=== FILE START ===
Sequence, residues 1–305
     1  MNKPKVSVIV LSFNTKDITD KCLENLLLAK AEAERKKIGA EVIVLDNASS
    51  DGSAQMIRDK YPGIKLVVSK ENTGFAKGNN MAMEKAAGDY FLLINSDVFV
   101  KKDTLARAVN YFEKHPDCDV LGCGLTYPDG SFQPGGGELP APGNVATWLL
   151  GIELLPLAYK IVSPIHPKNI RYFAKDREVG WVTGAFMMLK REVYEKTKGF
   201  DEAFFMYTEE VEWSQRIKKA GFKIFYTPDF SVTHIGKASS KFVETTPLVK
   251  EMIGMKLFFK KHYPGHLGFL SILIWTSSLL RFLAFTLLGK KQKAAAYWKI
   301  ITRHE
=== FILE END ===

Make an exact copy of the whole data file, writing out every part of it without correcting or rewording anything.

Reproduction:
Sequence, residues 1–305
     1  MNKPKVSVIV LSFNTKDITD KCLENLLLAK AEAERKKIGA EVIVLDNASS
    51  DGSAQMIRDK YPGIKLVVSK ENTGFAKGNN MAMEKAAGDY FLLINSDVFV
   101  KKDTLARAVN YFEKHPDCDV LGCGLTYPDG SFQPGGGELP APGNVATWLL
   151  GIELLPLAYK IVSPIHPKNI RYFAKDREVG WVTGAFMMLK REVYEKTKGF
   201  DEAFFMYTEE VEWSQRIKKA GFKIFYTPDF SVTHIGKASS KFVETTPLVK
   251  EMIGMKLFFK KHYPGHLGFL SILIWTSSLL RFLAFTLLGK KQKAAAYWKI
   301  ITRHE